July 23, 2012 · 0 Comments
Source: Beat the Press
By Dean Baker:
I guess it’s childish name-calling time at the NYT. Hence Bill Keller tells readers that if you ask any “credible economist” you will get Keller’s preferred solution to the budget. At the top of the list is “entitlement reforms.”
For those who don’t know, “entitlement reforms” is Washington elite speak for cuts to Social Security and Medicare. They know that these programs are hugely popular, so the Washington elite crew use their little code word “entitlements,” since they know that “entitlements” don’t have nearly as much support. They also use “reform” since it sounds much nicer than “cuts.” Of course the point is to cut Social Security and Medicare; Keller is simply not honest enough to say this to readers.
Anyhow, let me just briefly explain why at least one non-credible economist doesn’t support the cuts to Social Security and Medicare that former Senator Alan Simpson and Morgan Stanley director Erskine Bowles proposed. (Keller wrongly referred to their plan as a being a plan approved by their commission. This is not true, to be approved as a commission proposal a plan would have required the support of 14 of the 18 members of the commission.)
The Bowles-Simpson plan would impose substantial cuts to Social Security benefits that would hit people already getting benefits. It would reduce the annual cost of living adjustment by 0.3 percent. This would lower the benefits that retirees receive by roughly 3 percent after 10 years, 6 percent after 20 years, and 9 percent after 30 years.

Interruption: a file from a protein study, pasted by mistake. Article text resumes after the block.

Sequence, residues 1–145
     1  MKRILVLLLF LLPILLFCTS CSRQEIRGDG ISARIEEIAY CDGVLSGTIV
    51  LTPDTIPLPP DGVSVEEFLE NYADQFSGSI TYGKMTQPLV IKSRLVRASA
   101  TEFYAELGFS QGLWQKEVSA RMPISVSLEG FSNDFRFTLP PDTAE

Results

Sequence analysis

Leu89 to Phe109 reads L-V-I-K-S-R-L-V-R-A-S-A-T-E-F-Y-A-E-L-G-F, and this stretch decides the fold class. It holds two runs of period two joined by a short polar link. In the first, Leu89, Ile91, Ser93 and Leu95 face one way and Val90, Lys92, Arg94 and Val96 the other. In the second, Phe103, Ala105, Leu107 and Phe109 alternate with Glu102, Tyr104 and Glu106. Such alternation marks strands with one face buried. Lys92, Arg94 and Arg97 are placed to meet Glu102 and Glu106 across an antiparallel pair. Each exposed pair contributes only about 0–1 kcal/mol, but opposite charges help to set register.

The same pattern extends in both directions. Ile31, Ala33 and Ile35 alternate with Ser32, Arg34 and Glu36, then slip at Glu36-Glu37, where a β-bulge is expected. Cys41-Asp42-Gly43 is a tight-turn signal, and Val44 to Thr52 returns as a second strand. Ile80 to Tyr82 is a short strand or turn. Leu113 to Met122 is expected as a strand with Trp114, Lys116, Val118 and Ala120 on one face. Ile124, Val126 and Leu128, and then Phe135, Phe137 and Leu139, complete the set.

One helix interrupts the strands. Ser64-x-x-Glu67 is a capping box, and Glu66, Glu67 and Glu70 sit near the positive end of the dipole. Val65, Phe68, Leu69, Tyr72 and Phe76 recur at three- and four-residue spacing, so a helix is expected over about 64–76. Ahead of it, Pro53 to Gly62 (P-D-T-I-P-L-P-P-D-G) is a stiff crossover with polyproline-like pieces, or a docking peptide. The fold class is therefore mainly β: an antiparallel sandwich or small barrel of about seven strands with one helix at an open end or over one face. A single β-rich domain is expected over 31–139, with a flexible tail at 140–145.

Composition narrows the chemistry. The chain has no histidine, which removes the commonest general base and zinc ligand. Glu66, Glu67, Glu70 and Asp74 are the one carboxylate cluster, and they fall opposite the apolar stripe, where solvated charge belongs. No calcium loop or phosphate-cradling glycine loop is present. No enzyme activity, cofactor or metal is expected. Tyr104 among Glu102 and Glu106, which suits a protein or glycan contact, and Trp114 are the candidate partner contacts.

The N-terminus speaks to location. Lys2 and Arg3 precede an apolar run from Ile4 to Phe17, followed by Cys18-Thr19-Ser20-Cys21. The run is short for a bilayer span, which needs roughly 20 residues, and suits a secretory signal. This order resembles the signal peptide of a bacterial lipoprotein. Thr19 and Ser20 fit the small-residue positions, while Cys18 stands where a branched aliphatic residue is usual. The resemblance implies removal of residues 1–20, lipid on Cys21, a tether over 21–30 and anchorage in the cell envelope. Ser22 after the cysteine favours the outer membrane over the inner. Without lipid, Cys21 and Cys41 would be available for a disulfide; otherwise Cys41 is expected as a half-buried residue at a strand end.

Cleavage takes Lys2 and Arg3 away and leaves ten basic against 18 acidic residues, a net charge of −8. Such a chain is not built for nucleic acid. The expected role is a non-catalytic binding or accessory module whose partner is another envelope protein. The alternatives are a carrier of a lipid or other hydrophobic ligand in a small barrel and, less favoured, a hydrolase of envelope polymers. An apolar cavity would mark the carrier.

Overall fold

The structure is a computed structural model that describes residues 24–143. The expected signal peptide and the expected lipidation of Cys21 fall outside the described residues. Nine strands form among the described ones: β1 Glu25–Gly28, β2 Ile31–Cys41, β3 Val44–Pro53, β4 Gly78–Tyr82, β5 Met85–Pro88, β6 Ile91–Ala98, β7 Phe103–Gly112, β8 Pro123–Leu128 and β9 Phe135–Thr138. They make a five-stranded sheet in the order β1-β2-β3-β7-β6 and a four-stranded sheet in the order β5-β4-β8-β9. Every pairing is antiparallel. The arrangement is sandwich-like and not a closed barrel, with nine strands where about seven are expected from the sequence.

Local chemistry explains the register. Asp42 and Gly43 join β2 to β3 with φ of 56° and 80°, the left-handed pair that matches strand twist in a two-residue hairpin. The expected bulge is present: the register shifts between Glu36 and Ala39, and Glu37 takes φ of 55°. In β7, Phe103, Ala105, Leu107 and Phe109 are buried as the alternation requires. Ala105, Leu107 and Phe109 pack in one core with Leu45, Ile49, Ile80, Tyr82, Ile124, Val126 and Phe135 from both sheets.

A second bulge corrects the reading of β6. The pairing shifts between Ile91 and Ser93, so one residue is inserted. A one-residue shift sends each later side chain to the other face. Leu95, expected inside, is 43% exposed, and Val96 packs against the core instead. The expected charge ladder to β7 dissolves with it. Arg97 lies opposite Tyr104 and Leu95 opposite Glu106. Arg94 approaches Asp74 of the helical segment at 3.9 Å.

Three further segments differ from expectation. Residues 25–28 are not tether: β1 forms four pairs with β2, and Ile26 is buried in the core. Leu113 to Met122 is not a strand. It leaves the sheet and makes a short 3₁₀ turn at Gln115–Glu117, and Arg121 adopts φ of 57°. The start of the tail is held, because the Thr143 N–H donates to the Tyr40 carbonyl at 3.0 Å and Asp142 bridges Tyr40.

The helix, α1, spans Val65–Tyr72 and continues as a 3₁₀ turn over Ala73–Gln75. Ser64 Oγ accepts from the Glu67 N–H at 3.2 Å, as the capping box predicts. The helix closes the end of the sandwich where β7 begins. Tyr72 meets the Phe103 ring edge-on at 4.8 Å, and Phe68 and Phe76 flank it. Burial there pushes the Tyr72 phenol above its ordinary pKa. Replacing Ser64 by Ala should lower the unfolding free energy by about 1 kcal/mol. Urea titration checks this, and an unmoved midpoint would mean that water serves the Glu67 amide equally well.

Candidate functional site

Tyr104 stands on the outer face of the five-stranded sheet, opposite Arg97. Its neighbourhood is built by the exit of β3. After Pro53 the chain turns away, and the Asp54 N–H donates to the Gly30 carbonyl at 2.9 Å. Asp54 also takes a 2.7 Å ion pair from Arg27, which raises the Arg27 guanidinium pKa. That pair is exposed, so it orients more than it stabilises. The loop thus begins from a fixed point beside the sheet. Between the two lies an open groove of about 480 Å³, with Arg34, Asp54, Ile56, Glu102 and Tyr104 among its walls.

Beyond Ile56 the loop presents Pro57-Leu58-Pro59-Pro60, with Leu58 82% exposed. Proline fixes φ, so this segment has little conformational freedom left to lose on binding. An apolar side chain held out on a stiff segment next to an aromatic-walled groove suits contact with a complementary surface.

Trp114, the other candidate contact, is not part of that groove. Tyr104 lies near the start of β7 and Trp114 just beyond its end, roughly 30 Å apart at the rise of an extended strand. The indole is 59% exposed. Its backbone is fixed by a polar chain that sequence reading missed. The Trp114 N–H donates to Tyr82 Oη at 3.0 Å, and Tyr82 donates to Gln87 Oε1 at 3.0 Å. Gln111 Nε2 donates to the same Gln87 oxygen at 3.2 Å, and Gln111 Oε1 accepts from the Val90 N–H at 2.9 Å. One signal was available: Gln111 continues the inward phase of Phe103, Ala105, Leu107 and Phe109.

This will be a serious hit to tens of millions of seniors who rely on Social Security for half or more of their income. Given that the average Social Security check is $1,200 a month, it is a bit hard to accept that these people should be in the center of our gunsights when we turn to deficit reduction.
The plan would also increase the retirement age, beyond the increases already in current law. Us non-credible economists know that near retirees have almost nothing accumulated for retirement. The median wealth (including home equity) for those between the ages of 55 and 64 is about $170,000, roughly enough to pay off the mortgage on the median home. This means that the median household in this age group will be able to pay off their mortgage and then be entirely dependent on Social Security. Median wealth for those between the ages of 45 and 54 is about $70,000.
It’s difficult to see the logic of hitting these people even harder than they already have been by the collapse of the housing bubble. Furthermore, the increases in longevity that many Washington elite types like to tout went almost entirely to those at the top half of the income distribution.
The Bowles-Simpson plan also calls for raising the age of Medicare eligibility to 67. This is likely to be a nightmare, since the insurance market for those in their sixties is already a disaster. This of course will be another big hit to the standard of living of middle income seniors.
Of course economists who know economics know that the economy’s main problem now is a lack of demand. We should be talking about larger deficits, not smaller deficits. But, those in positions of authority retain their belief in a confidence fairy who will somehow rescue the economy if we impose enough pain on ordinary workers.
Insofar as we have concerns about the deficit over the longer term the obvious place to go would be more revenue from the wealthy starting with a Wall Street speculation tax. This was apparently never considered by the Bowles-Simpson commission, perhaps in part due to Mr. Bowles connection to Morgan Stanley.
The other obvious place to go is fixing the U.S. health care system. Our broken private sector health care system is the force behind the projections of exploding deficits in the long-run. If people like Keller and his credible economists were not such ardent protectionists it would be easy to find ways to get costs under control, but they don’t seem interested in doing anything that might harm the wealthy. But I guess that wouldn’t be credible.